UK house prices see a 130 fold increase over the Queen’s reign
House prices are more than 130 times higher than they were when Queen Elizabeth II ascended to the throne in 1952 (70 years ago), or almost four times higher (365%) when a taking inflation into account, according to research by property firm Savills, to coincide with the Queen’s Platinum Jubilee celebrations.
Savills analysis of how the housing market has fared over the past 70 years found that when the Queen came to the throne on 6 February 1952, the average house price was just under £2,000. This is the equivalent of £56,000 in today’s money, and amounts to house price growth averaging 2.2% per annum above the rate of inflation every year since the Queen ascended to the throne.
“House price growth over the past 70 years has meant that the nation’s housing stock has become a vast source and store of household wealth during the Queens reign. But the ability to benefit from this has largely ben dependent on the year you were born, meaning the capital appreciation we have seen through different housing market cycles has created a marked divide between the housing haves’ and have nots.”
“That means different generations now have very different views on the benefits of house price growth, how much new housing we build, where we build it and what is expected from housing policy,” comments Lucian Cook, head of residential research at Savills.
“Over the Queen’s reign there have been six periods where annualised price growth has been over 5% in real terms which have lead us to this point. While this has been punctuated by a series of relatively short-lived, but uncomfortable, downturns, the upswings have been magnified by a systemic undersupply of housing over the past 40 years. ”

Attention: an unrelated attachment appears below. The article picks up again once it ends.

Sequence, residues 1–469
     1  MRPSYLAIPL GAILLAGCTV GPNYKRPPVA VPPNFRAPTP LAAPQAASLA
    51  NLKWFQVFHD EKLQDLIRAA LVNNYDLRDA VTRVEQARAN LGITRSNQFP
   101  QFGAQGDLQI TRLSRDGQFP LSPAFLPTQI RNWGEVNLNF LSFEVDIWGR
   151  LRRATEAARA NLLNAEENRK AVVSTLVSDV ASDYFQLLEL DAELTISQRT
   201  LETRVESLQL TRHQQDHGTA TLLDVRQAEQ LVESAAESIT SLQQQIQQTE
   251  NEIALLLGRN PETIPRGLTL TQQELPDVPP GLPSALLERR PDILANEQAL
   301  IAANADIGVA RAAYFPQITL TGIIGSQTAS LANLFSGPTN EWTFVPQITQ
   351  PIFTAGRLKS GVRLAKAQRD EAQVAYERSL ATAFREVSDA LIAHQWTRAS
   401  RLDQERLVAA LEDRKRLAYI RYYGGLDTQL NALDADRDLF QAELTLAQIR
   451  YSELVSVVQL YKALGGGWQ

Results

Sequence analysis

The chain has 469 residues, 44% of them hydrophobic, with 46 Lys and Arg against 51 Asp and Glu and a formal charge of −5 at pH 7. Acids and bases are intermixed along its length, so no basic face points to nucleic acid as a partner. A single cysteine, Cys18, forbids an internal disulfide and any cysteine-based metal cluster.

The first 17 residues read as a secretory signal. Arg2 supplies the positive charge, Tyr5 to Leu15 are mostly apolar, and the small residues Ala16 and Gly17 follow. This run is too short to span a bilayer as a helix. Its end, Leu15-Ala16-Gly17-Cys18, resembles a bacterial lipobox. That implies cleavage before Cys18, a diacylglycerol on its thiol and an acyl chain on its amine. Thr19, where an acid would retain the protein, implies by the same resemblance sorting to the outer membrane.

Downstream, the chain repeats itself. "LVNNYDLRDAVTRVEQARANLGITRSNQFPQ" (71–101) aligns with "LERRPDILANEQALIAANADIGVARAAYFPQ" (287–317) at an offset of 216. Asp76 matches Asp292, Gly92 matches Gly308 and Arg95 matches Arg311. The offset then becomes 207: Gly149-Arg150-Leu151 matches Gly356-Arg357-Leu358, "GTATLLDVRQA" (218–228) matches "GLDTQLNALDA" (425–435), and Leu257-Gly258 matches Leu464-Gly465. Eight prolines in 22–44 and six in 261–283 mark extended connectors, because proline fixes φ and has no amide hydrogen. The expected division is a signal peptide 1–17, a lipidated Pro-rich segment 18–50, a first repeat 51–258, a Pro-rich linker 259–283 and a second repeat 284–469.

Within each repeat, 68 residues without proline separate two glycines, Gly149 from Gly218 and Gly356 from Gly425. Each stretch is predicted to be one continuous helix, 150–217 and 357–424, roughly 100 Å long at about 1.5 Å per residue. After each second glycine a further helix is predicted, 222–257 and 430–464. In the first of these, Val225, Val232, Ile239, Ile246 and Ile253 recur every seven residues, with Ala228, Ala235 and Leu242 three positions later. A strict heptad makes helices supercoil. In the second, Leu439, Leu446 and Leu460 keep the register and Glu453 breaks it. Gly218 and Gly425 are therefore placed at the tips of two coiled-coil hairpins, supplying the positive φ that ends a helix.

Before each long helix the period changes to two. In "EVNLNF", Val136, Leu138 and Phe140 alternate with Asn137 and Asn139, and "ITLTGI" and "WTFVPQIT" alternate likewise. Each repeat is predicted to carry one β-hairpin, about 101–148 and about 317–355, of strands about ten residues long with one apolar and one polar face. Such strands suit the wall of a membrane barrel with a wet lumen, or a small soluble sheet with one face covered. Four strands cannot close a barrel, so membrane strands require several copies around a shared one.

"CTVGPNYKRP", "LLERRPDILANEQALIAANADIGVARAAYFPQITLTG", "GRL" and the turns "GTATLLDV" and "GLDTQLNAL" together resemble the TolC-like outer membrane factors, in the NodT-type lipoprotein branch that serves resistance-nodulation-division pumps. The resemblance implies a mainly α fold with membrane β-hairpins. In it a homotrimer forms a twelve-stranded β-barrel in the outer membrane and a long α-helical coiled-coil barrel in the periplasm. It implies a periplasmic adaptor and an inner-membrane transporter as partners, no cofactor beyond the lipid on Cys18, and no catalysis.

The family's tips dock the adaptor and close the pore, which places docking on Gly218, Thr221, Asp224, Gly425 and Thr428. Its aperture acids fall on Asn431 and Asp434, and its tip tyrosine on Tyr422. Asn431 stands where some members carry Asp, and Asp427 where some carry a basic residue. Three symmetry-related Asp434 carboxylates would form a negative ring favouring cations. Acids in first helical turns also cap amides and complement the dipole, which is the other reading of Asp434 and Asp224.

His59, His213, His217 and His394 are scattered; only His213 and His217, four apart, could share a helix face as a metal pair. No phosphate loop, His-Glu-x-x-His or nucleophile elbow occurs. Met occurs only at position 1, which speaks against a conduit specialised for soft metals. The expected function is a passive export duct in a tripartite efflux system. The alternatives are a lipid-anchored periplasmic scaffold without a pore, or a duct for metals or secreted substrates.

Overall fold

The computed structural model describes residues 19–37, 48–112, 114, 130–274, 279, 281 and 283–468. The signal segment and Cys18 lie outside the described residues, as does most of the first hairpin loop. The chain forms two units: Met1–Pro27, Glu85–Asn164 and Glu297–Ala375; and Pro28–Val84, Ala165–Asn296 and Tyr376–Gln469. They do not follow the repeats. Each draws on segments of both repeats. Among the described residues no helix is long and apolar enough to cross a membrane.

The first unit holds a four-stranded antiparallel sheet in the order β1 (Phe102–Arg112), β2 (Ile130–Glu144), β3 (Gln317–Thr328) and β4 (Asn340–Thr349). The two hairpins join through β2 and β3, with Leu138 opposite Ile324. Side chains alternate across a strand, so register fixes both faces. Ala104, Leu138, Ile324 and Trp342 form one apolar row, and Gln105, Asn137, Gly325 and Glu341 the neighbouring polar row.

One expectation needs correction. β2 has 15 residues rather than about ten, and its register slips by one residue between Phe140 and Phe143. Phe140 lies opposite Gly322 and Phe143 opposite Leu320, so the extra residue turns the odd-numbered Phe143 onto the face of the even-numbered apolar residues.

Peaks and troughs: Housing market cycles
The beginning of the queens reign coincided with a major national house building programme, with no real sign of inflation-plus house price growth until 1958. That was followed by a period of economic volatility, that was closely matched by the fortunes of housing market through the 1970s and early 1980s.
The first pronounced period of sustained inflation-adjusted house price growth coincided with Thatcher’s dream of home ownership (Q2 1982 to Q2 1989). This was initiated by the introduction of the Right to Buy in 1980, and facilitated by the introduction of MIRAS (Mortgage Interest Relief at Source) in 1983. Headline house prices increased by 79% over this period, even after an adjustment for inflation.
“This period fundamentally altered the way in which we looked at our home as a route to financial prosperity, fuelling the nation’s obsession with house prices,” says Cook
But the longest and most unprecedented upswing in values took place between Q4 1995 and Q3 2007. During this time the average loan to income ratio increased from 2.3 to 3.1.
“On a nominal basis, house prices increased by 87% over the 2001 to 2004 period alone. This created a sizeable wedge between those who were and weren’t able to get onto the housing ladder over this period. It is a divide which became entrenched in the post credit-crunch, age of mortgage regulation, and has been a catalyst for government intervention in the housing market, through schemes such as the soon-to-end Help to Buy” says Cook
How does today’s market compare?
“With inflation eating into households disposable income and interest rates on the rise, we expect to see a marked slowing in price growth as the current supply-demand imbalance eases over the remainder of this year. But the recent mini-boom has only just put prices back to where they were in Q3 2007 on an inflation-adjusted basis,” says Cook. “This reflects the fact that UK house price growth was relatively subdued immediately prior to the pandemic, despite the low underlying interest rate environment.”
“With a strong employment market, mortgage regulation having stress tested borrower’s ability to sustain rate rises and many having already locked into historically low interest rates, there don’t appear to be the triggers that have fuelled previous market downturns.”